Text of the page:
KOHOLĀ BIRTHHistory in the making. by ALOHA OUTDOORS STAFF
This year, an ambitious videographer hopes to be the first to document the birth of a North Pacific Humpback Whale.
Maui resident Chris Cilfone is a marine biologist and cinematographer, and has spent a number of years exploring and studying a variety of marine life. But it wasn’t until he moved to Maui in 2012 that he became fascinated with the beauty and mystery of humpback whales.
“After I started working with the animals and learning more about them, it dawned on me that this particular animal, this humpback whale, we’ve studied for half a century but we still barely know anything about it,” he explained.
Intrigued and curious, he began delving into their story. In the 1970’s, the North Pacific Humpback Whales were hunted and killed to near-extinction. With only 500 left, they were eventually placed on the endangered species list. Conservation efforts followed, and today the population is estimated around 25,000.
Cilfone says these whales are the “poster animal for the conservation movement.” He hopes to tell their tale in his upcoming film “KOHOLĀ,” using the birth as the center of the story.
“I essentially wanted to create a film that shows their success…” he said. “But you can’t talk about the success story of a species without talking about the next generation. And then I was like, ‘Wait a minute! We don’t know anything really about how the next generation comes into the world. What if we’re the first people to film the birth of humpback whales?’”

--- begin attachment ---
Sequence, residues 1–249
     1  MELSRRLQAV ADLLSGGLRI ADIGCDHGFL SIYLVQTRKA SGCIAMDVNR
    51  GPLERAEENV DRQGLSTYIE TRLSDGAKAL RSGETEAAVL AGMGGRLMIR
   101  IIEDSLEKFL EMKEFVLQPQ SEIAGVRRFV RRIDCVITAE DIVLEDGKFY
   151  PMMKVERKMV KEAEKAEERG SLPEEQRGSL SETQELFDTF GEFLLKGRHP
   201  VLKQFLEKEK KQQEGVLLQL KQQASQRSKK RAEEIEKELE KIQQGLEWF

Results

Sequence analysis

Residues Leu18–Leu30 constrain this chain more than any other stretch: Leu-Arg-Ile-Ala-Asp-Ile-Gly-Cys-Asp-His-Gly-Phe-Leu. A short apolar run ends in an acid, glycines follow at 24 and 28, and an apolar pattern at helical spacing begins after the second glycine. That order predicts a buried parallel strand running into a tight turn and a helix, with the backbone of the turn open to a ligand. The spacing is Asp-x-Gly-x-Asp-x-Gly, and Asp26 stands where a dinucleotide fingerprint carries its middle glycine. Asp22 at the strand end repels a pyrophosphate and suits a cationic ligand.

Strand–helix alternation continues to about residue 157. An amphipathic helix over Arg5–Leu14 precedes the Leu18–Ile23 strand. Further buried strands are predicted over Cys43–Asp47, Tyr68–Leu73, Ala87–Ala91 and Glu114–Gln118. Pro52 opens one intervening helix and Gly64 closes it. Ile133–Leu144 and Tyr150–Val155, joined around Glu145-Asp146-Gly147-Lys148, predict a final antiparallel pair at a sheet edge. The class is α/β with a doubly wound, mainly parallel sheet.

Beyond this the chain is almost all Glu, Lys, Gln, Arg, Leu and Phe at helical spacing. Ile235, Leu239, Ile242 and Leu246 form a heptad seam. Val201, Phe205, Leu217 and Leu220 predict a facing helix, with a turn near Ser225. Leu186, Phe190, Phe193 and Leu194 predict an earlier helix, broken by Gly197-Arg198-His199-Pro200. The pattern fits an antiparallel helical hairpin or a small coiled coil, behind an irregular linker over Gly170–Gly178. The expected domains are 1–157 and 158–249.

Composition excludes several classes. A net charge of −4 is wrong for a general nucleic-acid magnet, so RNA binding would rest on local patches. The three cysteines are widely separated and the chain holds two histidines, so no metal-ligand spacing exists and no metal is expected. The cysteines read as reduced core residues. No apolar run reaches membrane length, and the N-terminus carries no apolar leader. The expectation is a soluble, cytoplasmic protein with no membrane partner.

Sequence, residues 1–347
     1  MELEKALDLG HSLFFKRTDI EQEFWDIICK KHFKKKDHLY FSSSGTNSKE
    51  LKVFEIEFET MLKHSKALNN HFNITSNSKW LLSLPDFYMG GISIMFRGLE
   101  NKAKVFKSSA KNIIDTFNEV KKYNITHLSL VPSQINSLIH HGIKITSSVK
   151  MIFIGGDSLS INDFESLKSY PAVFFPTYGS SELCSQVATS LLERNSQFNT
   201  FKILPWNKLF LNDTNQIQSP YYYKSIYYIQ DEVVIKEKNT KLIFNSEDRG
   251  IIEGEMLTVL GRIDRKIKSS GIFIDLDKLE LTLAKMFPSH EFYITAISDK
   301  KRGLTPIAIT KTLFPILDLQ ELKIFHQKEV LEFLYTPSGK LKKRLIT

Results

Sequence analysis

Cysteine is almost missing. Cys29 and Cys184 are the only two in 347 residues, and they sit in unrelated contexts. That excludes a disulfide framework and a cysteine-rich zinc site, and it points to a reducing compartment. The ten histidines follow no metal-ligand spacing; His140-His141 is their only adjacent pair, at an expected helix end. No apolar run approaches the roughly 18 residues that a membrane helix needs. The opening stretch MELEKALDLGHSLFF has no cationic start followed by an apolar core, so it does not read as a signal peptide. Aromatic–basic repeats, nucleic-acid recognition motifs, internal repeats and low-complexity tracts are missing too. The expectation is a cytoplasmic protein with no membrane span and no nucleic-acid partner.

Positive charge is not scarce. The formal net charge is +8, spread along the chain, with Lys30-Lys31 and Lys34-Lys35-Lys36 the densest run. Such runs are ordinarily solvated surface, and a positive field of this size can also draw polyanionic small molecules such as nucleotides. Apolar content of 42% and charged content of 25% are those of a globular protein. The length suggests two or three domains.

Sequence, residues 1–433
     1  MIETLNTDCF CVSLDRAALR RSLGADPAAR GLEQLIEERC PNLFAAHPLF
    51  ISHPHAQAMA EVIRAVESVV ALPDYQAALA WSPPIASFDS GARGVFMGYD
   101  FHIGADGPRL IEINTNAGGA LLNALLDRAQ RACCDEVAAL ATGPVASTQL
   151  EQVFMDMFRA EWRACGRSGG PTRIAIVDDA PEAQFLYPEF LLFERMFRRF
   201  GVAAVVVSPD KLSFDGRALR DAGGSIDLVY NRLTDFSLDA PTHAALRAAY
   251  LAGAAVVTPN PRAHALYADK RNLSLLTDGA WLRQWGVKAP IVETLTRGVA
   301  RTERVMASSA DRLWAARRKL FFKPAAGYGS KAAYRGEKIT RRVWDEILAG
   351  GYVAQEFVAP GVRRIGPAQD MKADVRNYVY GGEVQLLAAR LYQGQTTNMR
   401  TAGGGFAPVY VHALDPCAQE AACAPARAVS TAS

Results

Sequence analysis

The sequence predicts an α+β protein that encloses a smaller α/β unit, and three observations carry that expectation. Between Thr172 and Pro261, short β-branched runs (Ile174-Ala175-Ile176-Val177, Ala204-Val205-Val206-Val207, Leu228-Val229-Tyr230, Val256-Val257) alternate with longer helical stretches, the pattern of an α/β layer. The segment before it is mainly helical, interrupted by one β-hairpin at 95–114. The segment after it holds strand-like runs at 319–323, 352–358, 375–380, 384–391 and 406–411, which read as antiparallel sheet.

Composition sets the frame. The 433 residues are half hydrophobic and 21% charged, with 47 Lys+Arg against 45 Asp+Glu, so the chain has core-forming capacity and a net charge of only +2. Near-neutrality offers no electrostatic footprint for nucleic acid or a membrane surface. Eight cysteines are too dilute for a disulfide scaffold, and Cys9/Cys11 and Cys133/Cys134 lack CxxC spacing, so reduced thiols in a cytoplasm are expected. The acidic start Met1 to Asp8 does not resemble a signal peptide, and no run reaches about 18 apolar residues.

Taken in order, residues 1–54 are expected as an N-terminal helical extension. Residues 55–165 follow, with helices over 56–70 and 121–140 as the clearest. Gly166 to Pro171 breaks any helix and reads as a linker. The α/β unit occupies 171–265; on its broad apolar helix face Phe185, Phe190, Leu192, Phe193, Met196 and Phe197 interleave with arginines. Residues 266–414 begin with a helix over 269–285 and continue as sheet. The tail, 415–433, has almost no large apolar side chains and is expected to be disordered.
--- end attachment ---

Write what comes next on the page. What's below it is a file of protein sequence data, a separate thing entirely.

And so Cilfone began the process of turning this idea into a reality. He worked for months to get a permit to film these animals. Currently, the law restricts anyone from being within 100 yards of the whales. With the permit secured and with help of a grant from National Geographic along with several other funders, he’s ready to start filming this winter.
He says he has a few leads on where and how these animals might give birth, but admits documenting the experience will be challenging. Regardless, he’s determined to see the project through and is optimistic.
Cilfone says he hopes the island community will rally around the film. He chose the name “KOHOLĀ” out of respect for Hawaiian culture, and plans to showcase the island’s understanding of sustainability and respect for nature in the movie.
“The Hawaiian culture is rooted deep in environmental consciousness. Regarding the natural world, respect, balance, and subsistence are the cornerstones to their beliefs. This story shows us what happens when we stray too far from this philosophy but still come together in time to correct our actions. It is physical proof that we can make a difference,” he said.
Check back soon! We’ll be updating this page as the story unfolds.